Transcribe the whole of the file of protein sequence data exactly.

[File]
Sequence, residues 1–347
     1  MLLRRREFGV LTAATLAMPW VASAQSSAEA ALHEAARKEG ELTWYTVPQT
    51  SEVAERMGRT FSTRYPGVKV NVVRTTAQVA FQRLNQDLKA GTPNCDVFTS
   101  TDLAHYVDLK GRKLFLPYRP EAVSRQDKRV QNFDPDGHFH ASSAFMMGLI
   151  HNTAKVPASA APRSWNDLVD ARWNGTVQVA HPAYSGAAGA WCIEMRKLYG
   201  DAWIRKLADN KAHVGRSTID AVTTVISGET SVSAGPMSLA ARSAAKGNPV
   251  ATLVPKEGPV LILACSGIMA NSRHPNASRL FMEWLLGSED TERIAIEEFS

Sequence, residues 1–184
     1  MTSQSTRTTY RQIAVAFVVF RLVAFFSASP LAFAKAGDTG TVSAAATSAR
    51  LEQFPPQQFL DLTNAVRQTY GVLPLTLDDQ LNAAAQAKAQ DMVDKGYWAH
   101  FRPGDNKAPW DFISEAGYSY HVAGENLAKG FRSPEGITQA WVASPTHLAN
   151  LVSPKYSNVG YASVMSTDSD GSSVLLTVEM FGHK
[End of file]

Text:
Sequence, residues 1–347
     1  MLLRRREFGV LTAATLAMPW VASAQSSAEA ALHEAARKEG ELTWYTVPQT
    51  SEVAERMGRT FSTRYPGVKV NVVRTTAQVA FQRLNQDLKA GTPNCDVFTS
   101  TDLAHYVDLK GRKLFLPYRP EAVSRQDKRV QNFDPDGHFH ASSAFMMGLI
   151  HNTAKVPASA APRSWNDLVD ARWNGTVQVA HPAYSGAAGA WCIEMRKLYG
   201  DAWIRKLADN KAHVGRSTID AVTTVISGET SVSAGPMSLA ARSAAKGNPV
   251  ATLVPKEGPV LILACSGIMA NSRHPNASRL FMEWLLGSED TERIAIEEFS

Sequence, residues 1–184
     1  MTSQSTRTTY RQIAVAFVVF RLVAFFSASP LAFAKAGDTG TVSAAATSAR
    51  LEQFPPQQFL DLTNAVRQTY GVLPLTLDDQ LNAAAQAKAQ DMVDKGYWAH
   101  FRPGDNKAPW DFISEAGYSY HVAGENLAKG FRSPEGITQA WVASPTHLAN
   151  LVSPKYSNVG YASVMSTDSD GSSVLLTVEM FGHK